Yellowdig Offers Higher Completion Rates and Next Term Registrations
Here’s how Yellowdig powered retention amongst philosophy, sociology learners
Challenge: How does a leading online college boost already industry standard learner retention rates?
One of the nation’s most prominent, award-winning, accredited online colleges consistently saw its learner retention rate average 50 percent. While decent by industry standards, the institution knew that improving its retention rates would result in better learner outcomes and prove a differentiator within the ultra competitive and rapidly expanding online learning ecosystem. And as an institution built on technology, leadership doubled down and sought out a digital learning solution that could drive retention.
Solution: Enter Yellowdig.
Retention is driven, in part, by engagement. The more engaged a learner is, the higher the likelihood that they will complete the course and register for the next term. With a firm grasp on how today’s online learners engage, the school engaged Yellowdig, a purpose-built, student-friendly digital engagement solution that had repeatedly demonstrated its ability to boost engagement and retention rates in both the online and traditional academic settings.
The college launched Yellowdig within a Philosophy course and a Sociology course. To measure its effectiveness, the solution was tested against the prior year’s performance of the school’s legacy LMS product.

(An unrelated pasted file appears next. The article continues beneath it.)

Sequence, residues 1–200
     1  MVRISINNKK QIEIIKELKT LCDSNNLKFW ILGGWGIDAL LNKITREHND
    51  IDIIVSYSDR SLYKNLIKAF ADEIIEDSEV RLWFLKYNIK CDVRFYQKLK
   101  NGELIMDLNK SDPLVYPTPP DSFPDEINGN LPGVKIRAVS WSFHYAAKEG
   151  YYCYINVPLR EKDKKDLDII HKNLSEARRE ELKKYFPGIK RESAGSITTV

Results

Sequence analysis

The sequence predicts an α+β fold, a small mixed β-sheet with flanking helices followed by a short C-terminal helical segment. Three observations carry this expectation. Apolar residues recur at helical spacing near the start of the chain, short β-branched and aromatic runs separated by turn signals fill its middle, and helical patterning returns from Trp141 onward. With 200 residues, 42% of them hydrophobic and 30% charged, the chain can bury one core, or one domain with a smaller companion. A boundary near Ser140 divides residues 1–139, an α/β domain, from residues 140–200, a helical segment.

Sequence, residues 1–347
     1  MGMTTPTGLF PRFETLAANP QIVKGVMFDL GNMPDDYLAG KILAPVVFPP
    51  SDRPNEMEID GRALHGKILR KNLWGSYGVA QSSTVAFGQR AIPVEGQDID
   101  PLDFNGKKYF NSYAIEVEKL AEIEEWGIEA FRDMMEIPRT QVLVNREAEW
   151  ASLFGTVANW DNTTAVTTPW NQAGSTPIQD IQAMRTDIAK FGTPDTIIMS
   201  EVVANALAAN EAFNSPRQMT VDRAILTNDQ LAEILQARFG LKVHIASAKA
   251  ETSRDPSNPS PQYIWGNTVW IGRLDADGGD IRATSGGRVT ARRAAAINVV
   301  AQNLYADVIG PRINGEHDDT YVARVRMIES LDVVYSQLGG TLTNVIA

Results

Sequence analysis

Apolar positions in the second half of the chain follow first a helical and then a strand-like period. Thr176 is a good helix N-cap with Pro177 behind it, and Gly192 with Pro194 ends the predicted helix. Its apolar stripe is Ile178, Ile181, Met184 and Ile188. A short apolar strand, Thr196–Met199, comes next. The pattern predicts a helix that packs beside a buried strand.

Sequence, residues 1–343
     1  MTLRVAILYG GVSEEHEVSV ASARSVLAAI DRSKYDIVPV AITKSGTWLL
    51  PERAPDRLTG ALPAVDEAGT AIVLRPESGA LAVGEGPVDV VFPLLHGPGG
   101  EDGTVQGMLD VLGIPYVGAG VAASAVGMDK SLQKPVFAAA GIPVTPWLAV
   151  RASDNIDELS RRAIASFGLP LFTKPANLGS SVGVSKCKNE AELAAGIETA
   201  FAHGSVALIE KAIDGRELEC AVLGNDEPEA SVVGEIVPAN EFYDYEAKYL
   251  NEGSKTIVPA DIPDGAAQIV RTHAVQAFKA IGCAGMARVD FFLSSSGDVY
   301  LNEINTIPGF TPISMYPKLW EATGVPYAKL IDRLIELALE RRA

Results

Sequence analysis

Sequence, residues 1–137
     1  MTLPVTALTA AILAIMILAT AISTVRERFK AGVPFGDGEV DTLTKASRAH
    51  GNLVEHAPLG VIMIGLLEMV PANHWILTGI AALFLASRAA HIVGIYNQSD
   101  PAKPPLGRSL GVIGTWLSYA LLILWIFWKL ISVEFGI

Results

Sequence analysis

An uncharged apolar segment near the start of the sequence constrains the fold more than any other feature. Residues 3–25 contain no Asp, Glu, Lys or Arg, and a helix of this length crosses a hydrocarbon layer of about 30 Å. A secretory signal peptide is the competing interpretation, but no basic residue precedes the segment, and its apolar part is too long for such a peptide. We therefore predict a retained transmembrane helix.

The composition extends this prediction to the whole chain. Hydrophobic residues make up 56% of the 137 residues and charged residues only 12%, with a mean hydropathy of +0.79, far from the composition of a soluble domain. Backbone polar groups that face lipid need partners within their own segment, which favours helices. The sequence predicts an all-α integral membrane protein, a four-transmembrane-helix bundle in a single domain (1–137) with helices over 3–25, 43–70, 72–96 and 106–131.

Learners accessed the Yellowdig boards via a link within their courseroom, under each discussion area, and earned “points” by posting, commenting, upvoting, and earning badges from faculty or graduate assistants for quality posts submitted by the recommended post date. These “points” corresponded to a grade.
Program success would ultimately be defined by Yellowdig’s ability to power the right type of engagement that influences course completion and next term enrollment.
Results: Increased engagement, better retention.
On average, learners achieved their full discussion grade when using Yellowdig. Compared to year-over-year data, they earned substantially higher discussion scores with Yellowdig than the legacy LMS. In the Philosophy course discussion scores 20 percentage points higher.
Tracking the percentage of learners who were ever registered for the course that remained registered at census, Ever-in to census figured benefited from Yellowdig as well. The Philosophy course saw a 2.08 percent increase while the Sociology course experienced a 2.65 percent bump.
Most notably, comparing year-over-year data, Yellowdig enabled more course completion and next term registrations by 11 percentage points in the Philosophy course and 3 percentage points in the Sociology course. That translates into 14 more students earning their credit for their course that otherwise would not have.